Running a successful business is about more than raking in the most profit. Whole Foods CEO John Mackey and other entrepreneurs explain.
Ruthless capitalism isn't the road to building a brand customers love to buy and a company employees love to work for. According the executives behind Trader Joe's and Whole Foods, a softer, more conscious capitalism is required.
Former Trader Joe’s president Doug Rauch created the organization Conscious Capitalism, Inc. to promote the very ideas that helped him build the grocery chain into a beloved--and successful--brand. The business ideology emphasizes four tenets--purpose, stakeholders, leadership, and culture. Last week, the organization and such high-profile supporters as John Mackey, co-founder and CEO of Whole Foods Market, and Eric Ryan, co-founder of the eco-friendly soap company Method, gathered to explain what it means to run a business with conscious capitalism in mind.
Work with purpose.
It's not all about the money.
“Business is the greatest value creator in the world,” Mackey told attendees. Mackey, along with Bentley University marketing professor Raj Sisodia, co-authored the book Conscious Capitalism: Liberating the Heroic Spirit of Business. But with that power to create global value comes a greater responsibility on the part of today’s business leaders.
“Is the purpose of business to make money?” Mackey asked the audience. “Doctors make money. But their purpose is to heal people.” Figure out what defines your higher purpose.
Create value for your stakeholders.
The soap industry has plenty of competition, but Method co-founder Ryan explained how his company stood out by offering a different value proposition.
“Cleaning is a really dirty business,” he said. Not only do traditional detergents inflict ecological damage with toxic chemicals--they’re wasteful, too. And oversized laundry detergent caps, which encourage customers to use more detergent than they actually need, ultimately waste soap and water.
Ryan explained that Method strives to eliminate this waste while simultaneously saving customers money.
“We love to slay monsters,” he said, “The difference between villains and monsters--Tide is my villain--[is that] monsters attack entire communities.” Those detergent caps are an industry monster.
Method does its part to slay this monster by offering appropriately sized caps and concentrated detergent--a win for the environment and the customer, he said.
Be a conscientious leader.
One consumer trust survey places business executives below members of Congress in terms of public trust. Regaining that trust, Sisodia said, will happen only when entrepreneurs follow their hearts--not their wallets.
Sisodia believes that business is more powerful--and fundamentally more ethical--than politics because it is based on a voluntary exchange of goods, and lacks a certain coercive element sometimes seen in government. But he believes that business leaders need to harness this power for good, not evil.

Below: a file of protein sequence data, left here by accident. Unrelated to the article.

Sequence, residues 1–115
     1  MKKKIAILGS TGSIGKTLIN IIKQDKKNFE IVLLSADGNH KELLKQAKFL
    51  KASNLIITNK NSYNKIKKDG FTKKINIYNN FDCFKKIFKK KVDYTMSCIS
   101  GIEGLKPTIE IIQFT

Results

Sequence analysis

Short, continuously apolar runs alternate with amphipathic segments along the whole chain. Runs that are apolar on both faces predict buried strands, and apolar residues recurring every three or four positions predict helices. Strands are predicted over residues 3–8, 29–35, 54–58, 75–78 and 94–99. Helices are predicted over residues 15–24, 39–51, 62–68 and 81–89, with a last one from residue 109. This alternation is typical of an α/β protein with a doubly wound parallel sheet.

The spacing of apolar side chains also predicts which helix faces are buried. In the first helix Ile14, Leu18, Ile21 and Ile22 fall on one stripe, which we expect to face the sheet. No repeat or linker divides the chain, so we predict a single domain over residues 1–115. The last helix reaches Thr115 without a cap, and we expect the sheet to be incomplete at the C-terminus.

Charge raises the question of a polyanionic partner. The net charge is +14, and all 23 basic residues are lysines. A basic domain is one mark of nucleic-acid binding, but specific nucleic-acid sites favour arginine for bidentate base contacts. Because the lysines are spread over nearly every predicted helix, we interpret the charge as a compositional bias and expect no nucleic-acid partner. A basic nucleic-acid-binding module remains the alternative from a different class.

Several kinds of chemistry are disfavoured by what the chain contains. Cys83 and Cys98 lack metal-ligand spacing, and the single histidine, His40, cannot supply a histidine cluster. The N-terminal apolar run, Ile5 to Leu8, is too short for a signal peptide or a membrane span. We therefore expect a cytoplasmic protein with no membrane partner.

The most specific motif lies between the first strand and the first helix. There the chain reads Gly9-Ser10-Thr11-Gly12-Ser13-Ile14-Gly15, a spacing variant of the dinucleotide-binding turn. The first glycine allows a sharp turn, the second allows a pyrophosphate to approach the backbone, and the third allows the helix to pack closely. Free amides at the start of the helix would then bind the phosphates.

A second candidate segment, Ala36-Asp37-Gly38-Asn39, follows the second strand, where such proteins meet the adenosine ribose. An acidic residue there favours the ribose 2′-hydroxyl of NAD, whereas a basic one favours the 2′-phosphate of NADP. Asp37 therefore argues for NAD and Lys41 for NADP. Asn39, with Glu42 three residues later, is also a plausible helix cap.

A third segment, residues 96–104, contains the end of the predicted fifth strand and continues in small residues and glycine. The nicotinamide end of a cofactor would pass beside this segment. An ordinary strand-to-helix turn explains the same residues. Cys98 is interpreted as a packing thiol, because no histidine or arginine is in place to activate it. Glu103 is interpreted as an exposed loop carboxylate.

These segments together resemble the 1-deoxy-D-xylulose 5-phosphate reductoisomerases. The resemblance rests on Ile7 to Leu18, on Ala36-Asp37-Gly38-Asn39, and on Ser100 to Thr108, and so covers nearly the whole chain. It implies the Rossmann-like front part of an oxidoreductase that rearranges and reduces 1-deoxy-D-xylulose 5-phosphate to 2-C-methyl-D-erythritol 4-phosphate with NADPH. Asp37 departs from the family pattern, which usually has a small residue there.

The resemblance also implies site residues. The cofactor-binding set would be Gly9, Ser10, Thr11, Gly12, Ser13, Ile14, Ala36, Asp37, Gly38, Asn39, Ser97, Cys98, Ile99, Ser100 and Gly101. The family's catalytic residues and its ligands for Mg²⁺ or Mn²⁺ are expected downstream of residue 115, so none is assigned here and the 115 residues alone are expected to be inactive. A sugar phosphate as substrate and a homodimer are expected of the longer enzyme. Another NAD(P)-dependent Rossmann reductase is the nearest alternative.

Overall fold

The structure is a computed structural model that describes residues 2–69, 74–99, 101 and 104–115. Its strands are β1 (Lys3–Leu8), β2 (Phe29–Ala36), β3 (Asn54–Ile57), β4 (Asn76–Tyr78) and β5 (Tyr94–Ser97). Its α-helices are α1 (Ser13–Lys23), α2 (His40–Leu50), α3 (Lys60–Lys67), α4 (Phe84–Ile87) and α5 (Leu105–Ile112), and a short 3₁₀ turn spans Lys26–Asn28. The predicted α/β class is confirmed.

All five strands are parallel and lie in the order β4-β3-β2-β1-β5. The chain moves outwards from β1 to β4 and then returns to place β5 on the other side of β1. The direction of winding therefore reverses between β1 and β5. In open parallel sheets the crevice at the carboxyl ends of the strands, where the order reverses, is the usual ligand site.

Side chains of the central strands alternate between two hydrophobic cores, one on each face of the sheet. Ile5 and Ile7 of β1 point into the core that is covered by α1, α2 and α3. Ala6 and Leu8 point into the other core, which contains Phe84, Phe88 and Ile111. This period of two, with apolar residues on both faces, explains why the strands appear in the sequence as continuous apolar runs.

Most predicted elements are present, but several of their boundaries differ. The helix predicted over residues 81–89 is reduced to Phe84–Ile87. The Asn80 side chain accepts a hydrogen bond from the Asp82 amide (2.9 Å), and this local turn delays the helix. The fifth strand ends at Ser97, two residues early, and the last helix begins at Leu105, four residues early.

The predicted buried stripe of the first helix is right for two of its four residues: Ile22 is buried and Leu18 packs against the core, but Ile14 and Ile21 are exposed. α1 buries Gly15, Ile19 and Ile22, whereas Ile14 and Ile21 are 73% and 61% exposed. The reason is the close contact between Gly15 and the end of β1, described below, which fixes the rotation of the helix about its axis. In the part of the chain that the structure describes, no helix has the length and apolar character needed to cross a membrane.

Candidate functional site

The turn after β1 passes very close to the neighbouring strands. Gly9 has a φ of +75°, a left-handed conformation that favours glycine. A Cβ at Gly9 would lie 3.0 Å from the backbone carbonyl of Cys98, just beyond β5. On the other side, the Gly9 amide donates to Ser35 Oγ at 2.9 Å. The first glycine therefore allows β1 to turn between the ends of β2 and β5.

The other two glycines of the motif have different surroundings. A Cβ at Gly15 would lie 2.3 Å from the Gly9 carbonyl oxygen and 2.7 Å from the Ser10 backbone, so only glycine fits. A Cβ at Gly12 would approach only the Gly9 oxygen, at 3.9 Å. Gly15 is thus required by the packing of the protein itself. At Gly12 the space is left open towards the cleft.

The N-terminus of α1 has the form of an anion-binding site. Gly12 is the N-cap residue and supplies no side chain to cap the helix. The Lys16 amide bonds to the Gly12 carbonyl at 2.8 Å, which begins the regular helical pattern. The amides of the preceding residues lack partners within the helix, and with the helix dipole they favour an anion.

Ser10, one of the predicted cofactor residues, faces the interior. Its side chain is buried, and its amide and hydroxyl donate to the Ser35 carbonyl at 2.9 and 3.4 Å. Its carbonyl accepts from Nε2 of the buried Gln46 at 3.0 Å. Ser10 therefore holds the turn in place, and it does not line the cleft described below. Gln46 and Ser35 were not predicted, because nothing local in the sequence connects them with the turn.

Mackey echoed the sentiment. "[We are] moving away from corporate freedom because [business leaders] are seen as economic sociopaths," he said. As he told Inc. at SXSW in March, “Business will never be trusted if all it talks about is maximizing a profit.” Mackey and Sisodia both recommended that business owners get more transparent about their motivations.
To gain back consumer trust, Mackey said leaders must demonstrate that they have just as much invested in their companies as the consumers and financial backers. “Money is not what drives most entrepreneurs. What drives most entrepreneurs is some kind of dream,” Mackey said at SXSW. So don't be afraid to advertise your dreams for your company--they might be just the emotional common ground you need to level with consumers.
Develop a sustainable culture.
Conscientious entrepreneurs support and nurture the talent that doubles as one of their most important resources, Sisodia said.
“It’s kind of a hippy-like question: Can you build a business on love? I think so,” he said. Originally from India, Sisodia explained that when he first came to the U.S. he was baffled by the name of restaurant chain T.G.I. Friday’s.
“Thank God it’s Friday? I thought people went to church on Sundays,” he says. Sisodia explained that once he discovered the name was an allusion to the collective relief felt by employees at the end of “another hellish week at work” he was galvanized into action. “There’s a reason that heart attacks are highest on Monday morning,” he says, “Our work is literally killing us.”
Employees are stakeholders, too. Treat them well, and they'll treat your business well.
FRANCESCA FENZI reports on entrepreneurship, technology and small business news from San Francisco. Her work has previously appeared in TIME, USA Today, Pop City and The Northside Chronicle. @FrancescaFenzi